"When I went in," he recalled, "I expected to be greeted with open arms, and I wasn't at all. I was just another kook coming in off the street. I explained the project, I told them what evidence there was and what the story was, and they just didn't want to be bothered. They finally turned me over to a graduate student who had some interest in it. He did some testing, kept the sample for a couple of days, and came back and said the testing had been inconclusive. He did say it was unusual, it could be from another planet, but it was certainly possible that you could find it on this planet."
With General Vandenberg's refusal to accept the extraterrestrial hypothesis, Project Sign became Project Grudge in early 1949. Grudge personnel evaluated reports on the premise that UFOs couldn't exist. They explained every sighting as a weather balloon, a meteor, or the planet Venus. What came to be known as the Grudge Report concluded that unidentified flying objects were no direct threat to national security, and that reports of such objects resulted from a mild form of mass hysteria or the misidentification of conventional objects, or were hoaxes fabricated by psychopaths and publicity seekers. But Dr. Allen Hynek, Ohio State University astronomer and consultant to Projects Sign and Grudge, had studied 237 of the best sightings and attributed only 32 percent of them to various astronomical bodies. Another 12 percent had been discarded as being weather balloons; and hoaxes, incomplete reports, and airplanes made up exactly one-third. No one could explain the remaining 23 percent, not Hynek, not the Air Force Weather Service, and not even the subcontracted Rand Corporation. The Grudge Report dismissed them with this sentence: "There are sufficient psychological explanations for the reports of unidentified flying objects to provide plausible explanations for reports not otherwise explainable." From the beginning of 1950 to the middle of 1951, Grudge remained a project in name only.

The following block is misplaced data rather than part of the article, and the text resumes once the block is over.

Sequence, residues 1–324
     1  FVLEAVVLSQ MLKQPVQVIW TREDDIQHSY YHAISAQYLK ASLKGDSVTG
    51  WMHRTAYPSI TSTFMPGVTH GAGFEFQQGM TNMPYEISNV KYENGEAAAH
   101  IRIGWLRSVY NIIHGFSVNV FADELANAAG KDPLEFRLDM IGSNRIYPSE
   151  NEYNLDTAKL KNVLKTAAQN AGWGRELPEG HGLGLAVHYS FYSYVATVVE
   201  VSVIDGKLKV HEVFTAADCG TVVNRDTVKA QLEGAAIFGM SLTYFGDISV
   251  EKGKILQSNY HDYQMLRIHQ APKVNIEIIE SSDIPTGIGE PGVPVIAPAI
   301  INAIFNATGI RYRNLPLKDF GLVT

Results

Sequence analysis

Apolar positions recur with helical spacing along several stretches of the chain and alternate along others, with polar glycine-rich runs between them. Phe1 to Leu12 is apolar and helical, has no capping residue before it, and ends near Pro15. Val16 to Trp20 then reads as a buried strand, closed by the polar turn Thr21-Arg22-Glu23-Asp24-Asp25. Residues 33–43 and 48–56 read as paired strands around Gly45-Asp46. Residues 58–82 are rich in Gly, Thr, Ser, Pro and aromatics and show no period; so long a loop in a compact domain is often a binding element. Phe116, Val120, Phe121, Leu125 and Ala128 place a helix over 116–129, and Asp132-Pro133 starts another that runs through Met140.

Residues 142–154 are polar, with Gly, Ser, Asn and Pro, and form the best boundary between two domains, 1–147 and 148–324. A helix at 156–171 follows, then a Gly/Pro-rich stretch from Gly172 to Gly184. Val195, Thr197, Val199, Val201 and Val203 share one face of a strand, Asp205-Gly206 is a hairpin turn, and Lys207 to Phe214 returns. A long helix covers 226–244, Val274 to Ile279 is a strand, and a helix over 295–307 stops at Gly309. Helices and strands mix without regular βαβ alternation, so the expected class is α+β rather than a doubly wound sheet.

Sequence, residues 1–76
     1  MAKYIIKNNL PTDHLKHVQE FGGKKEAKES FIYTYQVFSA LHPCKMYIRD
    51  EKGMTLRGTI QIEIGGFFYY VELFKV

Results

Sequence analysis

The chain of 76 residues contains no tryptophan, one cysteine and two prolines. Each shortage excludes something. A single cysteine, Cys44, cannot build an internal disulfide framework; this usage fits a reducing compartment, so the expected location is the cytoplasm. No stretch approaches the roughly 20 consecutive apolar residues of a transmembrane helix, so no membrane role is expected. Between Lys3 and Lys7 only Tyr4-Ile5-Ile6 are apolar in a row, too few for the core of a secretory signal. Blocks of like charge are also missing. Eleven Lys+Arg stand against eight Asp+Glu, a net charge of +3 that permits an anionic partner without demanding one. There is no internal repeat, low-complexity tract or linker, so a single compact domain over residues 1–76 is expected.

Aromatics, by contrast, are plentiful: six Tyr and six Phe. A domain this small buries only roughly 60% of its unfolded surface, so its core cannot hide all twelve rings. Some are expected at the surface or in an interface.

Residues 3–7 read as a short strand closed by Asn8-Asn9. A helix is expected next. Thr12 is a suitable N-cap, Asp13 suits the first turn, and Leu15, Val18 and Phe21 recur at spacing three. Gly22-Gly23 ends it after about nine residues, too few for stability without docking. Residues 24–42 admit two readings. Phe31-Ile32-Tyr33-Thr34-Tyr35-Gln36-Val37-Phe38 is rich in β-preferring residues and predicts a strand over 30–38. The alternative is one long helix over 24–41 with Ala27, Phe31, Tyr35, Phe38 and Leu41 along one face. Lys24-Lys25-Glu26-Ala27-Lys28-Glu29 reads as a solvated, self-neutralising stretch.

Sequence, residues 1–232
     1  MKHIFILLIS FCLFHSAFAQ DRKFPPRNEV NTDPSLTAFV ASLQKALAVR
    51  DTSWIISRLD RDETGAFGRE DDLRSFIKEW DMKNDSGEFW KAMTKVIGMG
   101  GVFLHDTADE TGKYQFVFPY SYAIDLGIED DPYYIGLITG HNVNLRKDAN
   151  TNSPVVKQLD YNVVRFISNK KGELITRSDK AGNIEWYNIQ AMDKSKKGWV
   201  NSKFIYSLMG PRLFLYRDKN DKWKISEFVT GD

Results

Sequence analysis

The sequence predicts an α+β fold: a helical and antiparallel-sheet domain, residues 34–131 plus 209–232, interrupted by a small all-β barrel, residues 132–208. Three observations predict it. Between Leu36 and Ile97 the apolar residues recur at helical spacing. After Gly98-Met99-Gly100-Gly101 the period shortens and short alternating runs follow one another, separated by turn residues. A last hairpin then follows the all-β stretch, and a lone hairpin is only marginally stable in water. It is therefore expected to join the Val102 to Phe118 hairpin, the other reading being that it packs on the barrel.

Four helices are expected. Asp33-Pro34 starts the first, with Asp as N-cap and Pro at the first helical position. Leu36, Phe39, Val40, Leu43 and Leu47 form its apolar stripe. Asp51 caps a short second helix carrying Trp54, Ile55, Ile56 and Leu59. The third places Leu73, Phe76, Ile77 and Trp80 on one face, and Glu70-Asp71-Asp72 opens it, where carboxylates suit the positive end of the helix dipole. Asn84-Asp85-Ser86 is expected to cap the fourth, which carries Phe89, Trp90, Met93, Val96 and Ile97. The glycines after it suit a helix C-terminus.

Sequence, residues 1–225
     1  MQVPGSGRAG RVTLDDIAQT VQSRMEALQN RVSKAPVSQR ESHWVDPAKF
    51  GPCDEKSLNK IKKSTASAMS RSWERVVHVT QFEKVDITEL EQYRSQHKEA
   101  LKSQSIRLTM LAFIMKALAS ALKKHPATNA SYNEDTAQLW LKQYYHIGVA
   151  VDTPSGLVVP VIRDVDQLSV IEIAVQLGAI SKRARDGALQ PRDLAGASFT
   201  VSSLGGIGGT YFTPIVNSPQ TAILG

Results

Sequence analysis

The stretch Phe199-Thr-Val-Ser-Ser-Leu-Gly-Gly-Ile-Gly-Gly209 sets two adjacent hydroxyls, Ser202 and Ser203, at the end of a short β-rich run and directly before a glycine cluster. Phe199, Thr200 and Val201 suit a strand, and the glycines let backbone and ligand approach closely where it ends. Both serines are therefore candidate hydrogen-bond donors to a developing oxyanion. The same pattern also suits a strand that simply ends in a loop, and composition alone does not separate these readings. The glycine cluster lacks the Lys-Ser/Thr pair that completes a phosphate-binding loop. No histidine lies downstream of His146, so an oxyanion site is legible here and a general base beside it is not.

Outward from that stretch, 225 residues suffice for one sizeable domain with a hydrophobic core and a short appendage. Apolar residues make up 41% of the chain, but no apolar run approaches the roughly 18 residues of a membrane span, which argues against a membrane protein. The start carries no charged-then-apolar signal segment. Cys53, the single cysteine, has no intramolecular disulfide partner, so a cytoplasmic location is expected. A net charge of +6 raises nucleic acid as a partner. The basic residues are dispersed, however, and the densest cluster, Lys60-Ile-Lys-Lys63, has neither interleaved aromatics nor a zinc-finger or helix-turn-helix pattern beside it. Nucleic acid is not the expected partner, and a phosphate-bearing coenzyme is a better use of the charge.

Not until 3:04 on the afternoon of September 12, 1951, did Air Force Intelligence have reason to resuscitate Project Grudge. On that day the teletype at Air Technical Intelligence Command spit out three feet of tiny print on a sighting at Fort Monmouth, New Jersey, that had occurred two days earlier. At eleven o'clock in the morning, a technician at the Monmouth radar school had been demonstrating the latest tracking equipment to a group of military VIPs. Capable of automatically "painting" a target, the new device could track the fastest jets. But when it locked on a low-flying object two and a half miles east of the radar station, the set immediately kicked back into manual operation. The operator again switched the set to automatic, and again, the set kicked back to manual. For three minutes the target remained in range as the radar operator frantically tried to force the set to track it automatically, and the set refused to respond. Finally, the embarrassed technician turned to the VIPs gathered around the scope and said, "It's going too fast for the set."
In the vicinity less than a half hour later, the pilot of a T-33 jet trainer, with an Air force major on board, saw flying below him a disk thirty to fifty feet in diameter and silver in color. As he rolled the T-33 and dived toward the disk, the silvery object stopped, hovered for a few moments, then accelerated heading south, and without slowing, made a d 120-degree turn and disappeared out over the ocean.
Immediately, the Director of Air Force Intelligence ordered a new UFO project and assigned Captain Edward Ruppelt as its head. Later in his book, The Report on Unidentified Flying Objects, Ruppelt wrote that when he arrived at Air Technical Intelligence Command he was told, "The powers that be are anti-flying saucer, and to stay in favor, it behooves one to follow suit," a carryover from the mind-set of Grudge personnel. Ruppelt described them as "schizophrenic," officially laughing at the UFO reports coming in, and individually, in private, defending the phenomenon. Grudge became Project Blue Book in early 1952, and the reports trickling in each month increased to about twenty. In April, they jumped to ninety-nine. The following month, the Secretary of the Air Force said in a press statement, "No concrete evidence has yet reached us either to prove or disprove the existence of the so-called flying saucers. There remain, however, a number of sightings that the Air Force investigators have been unable to explain." Then at 11:40 on the night of July 19, 1952, seven objects suddenly appeared on the radar screen at Washington National Airport, three miles south of the nation's capital.